BEIJING, Aug. 7 (Xinhua) -- Politicians in the United States have been dramatically scaling up their anti-China campaign by approving another arms sales deal to Taiwan, peddling the so-called "China threat" theory among Asian countries, and continuing to smear China's human rights records.
It seems that the minds of China hawks in Washington have been completely hijacked by the absurd "anything-but-China," or ABC, mindset: China must be wrong, and China is to blame for America's decaying democracy. In their pitiful logic, America can only win by taking China down.
What they fail to recognize, as a recent Vox article pointed out, is that "the real drivers of democratic collapse are domestic," and that centering on China "is not only wrong, but potentially dangerous."
In fact, China has become a big "bogeyman" in American politics in recent years. When U.S. politicians fail to manage a problem, like the widening wealth gap, spiking gun violence, crumbling infrastructure, deepening racial discrimination or most recently the surging pandemic, they almost uniformly point a finger at China.
Under the stewardship of politicians who blame China for their own incompetence, the U.S. has so far produced the most COVID-19 infections and related deaths in the world despite its first-class medical technology and facilities as well as top-tier talent. The U.S. has failed to contain the disease, resulting in a human rights catastrophe for its people.
Nearly 40 percent of American adults are struggling to cover even a 400-U.S.-dollar emergency expense; and some 18 million Americans still have no access to any broadband network.
Blaming China simply cannot make those problems vanish in thin air. Many inside the U.S. have already recognized what is wrong. According to a recent Ipsos poll, 75 percent of Americans believe the U.S. political system should be less divisive and more constructive.
America's diminishing global hegemony is another factor fueling the country's anti-China stance.
Since the 19th century, the U.S. has expanded its spheres of influence from the Americas to the Asia-Pacific. Following the end of the Second World War, Washington has reaped massive gains through military and financial hegemony and by trying to dictate international rules of the road and push its values around the world.
Thus the sole purpose of America's foreign policy now focuses on maintaining its global supremacy. However, the "unipolar moment" that once existed in the wake of the Cold War has already passed. The world is more multilateral, where all countries are inextricably interconnected and entitled to develop and prosper in their own way.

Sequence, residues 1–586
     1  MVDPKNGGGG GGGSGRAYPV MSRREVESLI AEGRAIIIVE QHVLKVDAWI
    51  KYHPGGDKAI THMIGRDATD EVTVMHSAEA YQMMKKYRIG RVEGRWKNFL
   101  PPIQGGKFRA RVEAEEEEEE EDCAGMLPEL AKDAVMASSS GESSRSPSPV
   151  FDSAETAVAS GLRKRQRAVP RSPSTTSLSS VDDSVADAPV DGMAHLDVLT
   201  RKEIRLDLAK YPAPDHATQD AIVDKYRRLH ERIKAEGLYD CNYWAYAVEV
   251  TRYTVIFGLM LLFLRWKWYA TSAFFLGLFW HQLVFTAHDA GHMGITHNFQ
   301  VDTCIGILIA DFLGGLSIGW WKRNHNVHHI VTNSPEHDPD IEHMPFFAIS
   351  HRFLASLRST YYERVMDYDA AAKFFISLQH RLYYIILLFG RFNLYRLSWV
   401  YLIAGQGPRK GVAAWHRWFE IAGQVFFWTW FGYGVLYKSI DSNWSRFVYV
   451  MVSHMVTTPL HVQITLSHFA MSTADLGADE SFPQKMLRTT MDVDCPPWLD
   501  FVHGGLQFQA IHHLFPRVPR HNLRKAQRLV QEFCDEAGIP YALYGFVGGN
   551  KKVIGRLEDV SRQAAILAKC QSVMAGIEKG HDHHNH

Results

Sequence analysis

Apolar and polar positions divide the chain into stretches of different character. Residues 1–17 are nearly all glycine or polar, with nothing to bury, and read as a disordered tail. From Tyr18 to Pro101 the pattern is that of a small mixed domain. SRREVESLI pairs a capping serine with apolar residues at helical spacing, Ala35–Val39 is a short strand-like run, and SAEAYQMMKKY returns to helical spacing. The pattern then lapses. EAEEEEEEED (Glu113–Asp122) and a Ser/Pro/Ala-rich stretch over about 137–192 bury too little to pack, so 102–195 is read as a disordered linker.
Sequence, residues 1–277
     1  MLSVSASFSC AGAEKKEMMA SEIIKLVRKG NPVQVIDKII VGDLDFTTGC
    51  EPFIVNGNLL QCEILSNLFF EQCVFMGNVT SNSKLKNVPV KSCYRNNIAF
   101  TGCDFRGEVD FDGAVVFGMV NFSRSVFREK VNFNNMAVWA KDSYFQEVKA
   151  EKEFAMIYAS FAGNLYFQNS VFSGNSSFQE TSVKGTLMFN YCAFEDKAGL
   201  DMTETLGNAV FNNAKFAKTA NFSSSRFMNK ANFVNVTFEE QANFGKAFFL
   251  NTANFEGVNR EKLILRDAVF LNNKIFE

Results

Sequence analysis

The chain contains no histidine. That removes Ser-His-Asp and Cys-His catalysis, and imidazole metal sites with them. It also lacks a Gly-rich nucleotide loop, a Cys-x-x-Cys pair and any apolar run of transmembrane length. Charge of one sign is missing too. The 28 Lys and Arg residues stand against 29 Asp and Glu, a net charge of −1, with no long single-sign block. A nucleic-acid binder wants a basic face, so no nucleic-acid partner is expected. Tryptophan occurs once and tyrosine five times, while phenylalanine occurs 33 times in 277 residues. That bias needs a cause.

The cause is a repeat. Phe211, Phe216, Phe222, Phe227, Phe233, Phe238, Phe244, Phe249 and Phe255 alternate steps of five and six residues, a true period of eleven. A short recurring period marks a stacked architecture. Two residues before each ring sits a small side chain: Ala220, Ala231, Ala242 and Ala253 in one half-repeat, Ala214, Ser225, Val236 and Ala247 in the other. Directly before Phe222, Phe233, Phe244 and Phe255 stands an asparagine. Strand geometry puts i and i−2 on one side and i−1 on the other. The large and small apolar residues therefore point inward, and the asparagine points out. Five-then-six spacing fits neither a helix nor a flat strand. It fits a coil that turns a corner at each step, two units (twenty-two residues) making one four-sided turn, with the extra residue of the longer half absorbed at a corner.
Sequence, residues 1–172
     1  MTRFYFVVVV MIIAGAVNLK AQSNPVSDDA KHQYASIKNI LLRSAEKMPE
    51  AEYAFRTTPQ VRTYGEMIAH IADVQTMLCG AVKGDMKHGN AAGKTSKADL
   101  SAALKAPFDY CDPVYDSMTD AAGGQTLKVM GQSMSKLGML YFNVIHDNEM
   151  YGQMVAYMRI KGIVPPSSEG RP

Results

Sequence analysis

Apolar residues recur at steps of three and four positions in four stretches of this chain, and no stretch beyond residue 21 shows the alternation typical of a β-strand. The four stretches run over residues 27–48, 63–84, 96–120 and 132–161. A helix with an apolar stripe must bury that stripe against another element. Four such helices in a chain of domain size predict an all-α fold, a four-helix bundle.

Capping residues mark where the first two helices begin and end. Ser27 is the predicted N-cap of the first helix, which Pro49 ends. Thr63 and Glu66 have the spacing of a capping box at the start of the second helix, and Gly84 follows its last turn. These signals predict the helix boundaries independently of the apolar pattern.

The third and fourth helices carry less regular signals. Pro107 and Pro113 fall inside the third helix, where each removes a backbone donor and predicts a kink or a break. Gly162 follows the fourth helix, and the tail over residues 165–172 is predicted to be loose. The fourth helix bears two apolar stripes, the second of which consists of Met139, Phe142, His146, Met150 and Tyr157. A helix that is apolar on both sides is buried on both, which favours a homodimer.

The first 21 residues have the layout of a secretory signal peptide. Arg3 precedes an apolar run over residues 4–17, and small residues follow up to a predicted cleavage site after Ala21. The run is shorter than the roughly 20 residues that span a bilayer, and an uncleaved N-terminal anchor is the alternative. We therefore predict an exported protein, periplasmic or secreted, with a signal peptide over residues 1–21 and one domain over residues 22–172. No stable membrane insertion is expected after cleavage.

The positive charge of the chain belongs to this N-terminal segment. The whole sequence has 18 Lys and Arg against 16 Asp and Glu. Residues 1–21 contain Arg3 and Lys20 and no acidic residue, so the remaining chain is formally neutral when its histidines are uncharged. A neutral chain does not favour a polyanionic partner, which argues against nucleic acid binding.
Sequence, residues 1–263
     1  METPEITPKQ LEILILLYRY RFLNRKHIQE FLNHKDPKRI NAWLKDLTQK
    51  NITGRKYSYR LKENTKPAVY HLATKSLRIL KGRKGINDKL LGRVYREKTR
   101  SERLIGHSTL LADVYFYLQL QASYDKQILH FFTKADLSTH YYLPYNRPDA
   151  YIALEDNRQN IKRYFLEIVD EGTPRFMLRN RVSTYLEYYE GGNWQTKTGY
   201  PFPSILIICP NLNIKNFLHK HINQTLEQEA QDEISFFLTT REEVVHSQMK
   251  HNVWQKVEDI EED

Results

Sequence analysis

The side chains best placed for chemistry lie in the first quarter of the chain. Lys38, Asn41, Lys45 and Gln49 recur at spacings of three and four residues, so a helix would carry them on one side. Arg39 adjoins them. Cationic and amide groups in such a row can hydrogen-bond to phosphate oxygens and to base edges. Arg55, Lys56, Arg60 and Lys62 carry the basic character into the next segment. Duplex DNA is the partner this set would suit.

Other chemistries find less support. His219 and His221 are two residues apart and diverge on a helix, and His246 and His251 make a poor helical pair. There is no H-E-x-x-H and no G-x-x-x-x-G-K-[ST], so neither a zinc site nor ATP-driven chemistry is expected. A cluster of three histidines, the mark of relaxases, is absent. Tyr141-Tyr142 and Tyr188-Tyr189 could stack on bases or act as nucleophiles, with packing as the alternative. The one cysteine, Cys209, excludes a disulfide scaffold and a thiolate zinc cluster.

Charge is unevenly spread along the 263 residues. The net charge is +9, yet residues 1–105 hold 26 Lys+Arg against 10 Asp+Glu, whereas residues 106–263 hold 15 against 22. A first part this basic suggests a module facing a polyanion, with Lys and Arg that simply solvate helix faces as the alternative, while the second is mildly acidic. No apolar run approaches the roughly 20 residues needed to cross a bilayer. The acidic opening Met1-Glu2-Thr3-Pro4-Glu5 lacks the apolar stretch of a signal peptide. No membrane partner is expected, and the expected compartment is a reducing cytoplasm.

While Washington is flexing its muscle around China's territory, badmouthing Beijing with groundless charges, and imposing coercive and unilateral sanctions, it should know that doing so won't contain China's development or help the U.S. bring back its "unipolar moment." Instead, such moves will only destroy America's own reputation and hurt its own interests.
Stirring up an ideological confrontation between China and the West is a shot U.S. politicians fire to satisfy a hubris deeply embedded in American culture.
These narcissistic politicians continue to believe in "American exceptionalism." They continue to believe their country is the so-called "city upon a hill," and attempt to export their version of "democracy" and "human rights" to other parts of the world through either coercion or infiltration in the hope of colonizing the minds of others.
In their eyes, there is no such thing as equality among or respect for different cultures. When they face a different culture or political system, they will naturally choose to dread, reject and demonize.
Pentagon analyst Thomas P. Ehrhard coined the phrase "the pathology of victory" to describe America's delusional triumphalism and Western-centric mentality. And just as he noted, "history exacts a price for hubris."
The ABC mindset will never make the U.S. a better country, nor will it stop China from moving forward. U.S. politicians should realize that fact if they have any real interest in saving America.
Just as economics commentator Martin Wolf cautioned in a recent Financial Times opinion article, "China is not the greatest threat to our interests and values: we have met the enemy and it is us." Enditem